Johannesburg, 1 August22: Medical aids are taking advantage of the inefficient and poorly capacitated appeals process facilitated by the Council for Medical Schemes (CMS) as a delay tactic to avoid funding lifesaving treatment for patients with rare diseases, claims Kelly du Plessis, founder and CEO of patient advocacy group, Rare Diseases South Africa (RDSA), which recently launched its #DearMinisterOfHealth campaign.
The campaign, founded on research-based evidence, aims to build alliances within civil society and engage with policy makers, while also giving patients and healthcare users a voice when it comes to the shortcomings of the private healthcare system in South Africa. The campaign also aims to educate consumers about issues that could face them and their families in the future.
“The problem is that only people who’ve gone through the process will understand. As a general user of healthcare, you have no idea until one day you need to use the process and find out – and then it’s possibly too late. Patients can wait for years to receive payment from their medical aid for treatment of a rare disease. Without treatment, which is unaffordable during the wait, the condition of patients deteriorates to the point where some die or cannot be treated,” says du Plessis.
“We are aware of approximately 90 patients with rare diseases, and because of the cost of treatment, we pick up a lot of push back from medical aids. With so many elements of our healthcare system being complex, often patients are not informed of their healthcare rights and responsibilities. When patients need to appeal against a decision by their medical aid, they are obliged to go to only one regulator – the CMS – which can take up to 120 days just to hear a case. That’s six months. Many patients don’t have six months,” says du Plessis.
Yet, that initial process is well regulated, with a defined turn-around time. As with all legal processes, a decision against one can be appealed and it is this appeal process that are not regulated by defined turn-around time and take years to reach a verdict.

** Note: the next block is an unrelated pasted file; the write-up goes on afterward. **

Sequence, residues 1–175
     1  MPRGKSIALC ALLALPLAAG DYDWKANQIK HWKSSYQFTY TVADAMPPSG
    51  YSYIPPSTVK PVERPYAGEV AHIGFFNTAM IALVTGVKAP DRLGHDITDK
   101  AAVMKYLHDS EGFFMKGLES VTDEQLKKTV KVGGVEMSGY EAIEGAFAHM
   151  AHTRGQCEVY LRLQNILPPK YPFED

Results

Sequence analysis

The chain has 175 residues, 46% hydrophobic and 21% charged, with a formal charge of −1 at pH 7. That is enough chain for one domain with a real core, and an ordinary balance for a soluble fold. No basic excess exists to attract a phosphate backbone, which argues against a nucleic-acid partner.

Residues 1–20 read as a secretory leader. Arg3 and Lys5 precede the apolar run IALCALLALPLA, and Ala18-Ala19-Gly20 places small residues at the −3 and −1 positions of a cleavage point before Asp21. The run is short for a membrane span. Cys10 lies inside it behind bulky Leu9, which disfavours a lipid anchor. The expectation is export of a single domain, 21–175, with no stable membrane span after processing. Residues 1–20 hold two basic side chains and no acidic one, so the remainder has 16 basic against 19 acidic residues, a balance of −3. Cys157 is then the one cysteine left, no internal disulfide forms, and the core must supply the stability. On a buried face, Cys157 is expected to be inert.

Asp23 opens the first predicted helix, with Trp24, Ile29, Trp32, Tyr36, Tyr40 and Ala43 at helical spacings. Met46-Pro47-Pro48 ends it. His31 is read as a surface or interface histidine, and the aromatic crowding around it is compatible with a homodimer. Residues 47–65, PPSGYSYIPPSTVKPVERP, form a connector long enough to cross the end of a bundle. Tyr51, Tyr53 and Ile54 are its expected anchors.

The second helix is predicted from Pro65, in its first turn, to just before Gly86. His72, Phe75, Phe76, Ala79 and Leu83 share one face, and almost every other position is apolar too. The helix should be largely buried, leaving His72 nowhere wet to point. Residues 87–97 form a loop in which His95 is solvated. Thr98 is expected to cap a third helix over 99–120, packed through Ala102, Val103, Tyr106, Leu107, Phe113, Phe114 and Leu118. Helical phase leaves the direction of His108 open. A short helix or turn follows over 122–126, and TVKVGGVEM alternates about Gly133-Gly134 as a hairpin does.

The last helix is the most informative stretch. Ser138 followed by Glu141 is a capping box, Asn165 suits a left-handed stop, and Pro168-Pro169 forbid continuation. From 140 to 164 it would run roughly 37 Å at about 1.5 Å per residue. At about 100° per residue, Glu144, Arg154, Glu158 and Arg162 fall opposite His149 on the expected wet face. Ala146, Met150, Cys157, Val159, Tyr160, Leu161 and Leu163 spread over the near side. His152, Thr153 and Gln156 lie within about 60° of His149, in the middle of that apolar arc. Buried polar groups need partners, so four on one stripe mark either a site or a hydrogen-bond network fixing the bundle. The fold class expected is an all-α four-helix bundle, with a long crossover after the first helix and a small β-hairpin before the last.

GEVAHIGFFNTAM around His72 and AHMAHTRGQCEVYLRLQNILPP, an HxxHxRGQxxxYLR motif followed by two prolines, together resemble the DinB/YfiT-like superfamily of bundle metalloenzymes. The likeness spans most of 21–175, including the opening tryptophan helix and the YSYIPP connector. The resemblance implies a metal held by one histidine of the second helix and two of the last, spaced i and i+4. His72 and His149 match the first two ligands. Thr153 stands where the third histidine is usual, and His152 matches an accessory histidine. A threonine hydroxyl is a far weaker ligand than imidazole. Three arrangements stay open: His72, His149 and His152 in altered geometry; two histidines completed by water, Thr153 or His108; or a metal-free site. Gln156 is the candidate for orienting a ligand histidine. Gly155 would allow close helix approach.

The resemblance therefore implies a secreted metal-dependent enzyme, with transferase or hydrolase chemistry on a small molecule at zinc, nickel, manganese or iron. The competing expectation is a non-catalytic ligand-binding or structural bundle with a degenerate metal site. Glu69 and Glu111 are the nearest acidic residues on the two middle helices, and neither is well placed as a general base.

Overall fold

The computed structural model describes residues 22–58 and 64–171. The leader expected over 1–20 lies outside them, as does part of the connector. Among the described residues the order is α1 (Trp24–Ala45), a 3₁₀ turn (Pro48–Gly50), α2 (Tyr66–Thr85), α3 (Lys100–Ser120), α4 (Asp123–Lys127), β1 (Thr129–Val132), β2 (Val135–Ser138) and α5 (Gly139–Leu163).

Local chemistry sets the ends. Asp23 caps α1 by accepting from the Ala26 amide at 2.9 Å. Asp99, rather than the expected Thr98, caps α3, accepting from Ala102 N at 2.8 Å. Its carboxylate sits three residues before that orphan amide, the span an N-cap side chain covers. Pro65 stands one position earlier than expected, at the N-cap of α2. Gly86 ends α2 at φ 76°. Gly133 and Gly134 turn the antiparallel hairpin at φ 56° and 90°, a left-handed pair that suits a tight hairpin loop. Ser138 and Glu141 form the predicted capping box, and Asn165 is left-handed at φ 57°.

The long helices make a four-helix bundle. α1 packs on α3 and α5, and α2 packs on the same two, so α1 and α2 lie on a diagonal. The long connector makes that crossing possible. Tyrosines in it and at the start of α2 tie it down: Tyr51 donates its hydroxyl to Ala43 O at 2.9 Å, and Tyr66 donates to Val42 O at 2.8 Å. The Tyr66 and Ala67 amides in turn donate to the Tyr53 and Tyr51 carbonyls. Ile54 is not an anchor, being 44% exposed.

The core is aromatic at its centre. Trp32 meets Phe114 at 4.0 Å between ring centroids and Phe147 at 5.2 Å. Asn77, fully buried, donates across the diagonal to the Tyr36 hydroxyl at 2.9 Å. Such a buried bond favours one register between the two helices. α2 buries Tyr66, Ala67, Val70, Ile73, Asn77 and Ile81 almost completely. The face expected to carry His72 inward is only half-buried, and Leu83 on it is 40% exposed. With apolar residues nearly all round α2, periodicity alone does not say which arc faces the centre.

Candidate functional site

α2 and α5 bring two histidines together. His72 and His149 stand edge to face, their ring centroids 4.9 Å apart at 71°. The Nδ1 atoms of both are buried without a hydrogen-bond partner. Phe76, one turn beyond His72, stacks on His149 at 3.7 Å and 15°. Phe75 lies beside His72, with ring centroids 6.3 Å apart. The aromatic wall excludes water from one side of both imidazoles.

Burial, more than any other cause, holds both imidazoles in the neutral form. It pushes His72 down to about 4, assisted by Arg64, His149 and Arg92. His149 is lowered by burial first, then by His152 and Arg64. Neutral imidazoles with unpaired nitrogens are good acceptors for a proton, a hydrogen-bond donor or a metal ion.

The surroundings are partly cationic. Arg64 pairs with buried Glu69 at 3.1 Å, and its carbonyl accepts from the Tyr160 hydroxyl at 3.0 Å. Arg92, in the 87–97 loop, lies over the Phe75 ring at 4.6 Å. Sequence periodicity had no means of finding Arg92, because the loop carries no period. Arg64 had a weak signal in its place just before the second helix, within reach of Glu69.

“The appeals process can take up to two years. By that point, we’ve had patients who have lost their ability to walk and talk. We’ve even had patients die. That’s why we have created this campaign,” says du Plessis.
“There needs to be engagement between all stakeholders, including government, pharmaceutical companies and medical aids about both immediate issues as well as longer term concerns such as sustainability. This will go a long way in resolving the systemic issues, which often have far reaching consequences,” says du Plessis.
Of major concern is the fact that the CMS does not have the resources to make rulings timeously or the authority to enforce them. As a result, du Plessis notes, medical aids are simply fined – sums they are happy to pay because they are less than the costs of the treatment needed.
“We believe that medical schemes are using the state of the current system to their advantage to delay covering expenses incurred by their members, with many waiting until the very last day of an appeal to amend a decision. More alarmingly, the current CMS complaints procedure has been proposed for dispute resolution within the NHI. So, while the CMS is currently only regulating medical schemes, the process, if not fixed and strengthened now, will be even harder to rectify once NHI is implemented,” says du Plessis.
Sanofi, a leading, multinational pharmaceutical company in South Africa, which focuses on 15 key therapeutic areas including diabetes, mental health, tuberculosis, rare diseases, vaccines and self-care, supports the campaign.
“Every disease should have a treatment, if not a cure. Our passion is to prevent, treat and cure illness and disease throughout life. We are driven to improve the health of communities and to find new solutions for patients by combining breakthrough science with advanced technology. We are always working to find new ways to fight chronic, complex and rare diseases with treatments that offer hope for patients in the future of healthcare,” says Dr Michael Klein, General Manager for Specialty Care at Sanofi.
Dr Klein says extensive research and development is required to create these life-saving treatments, which are only required by a small percentage of the population.
“Sanofi is in support that all patients should have access to treatment because we know and understand the need for patients to be treated. That is why we are not only looking for funders to do their part. In many cases where medication or treatment is out of reach, we are making it accessible or even providing it for free. Sanofi is currently carrying the costs of treatment for a number of patients with rare diseases in the public healthcare sector at no cost to the patient,” says Dr Klein.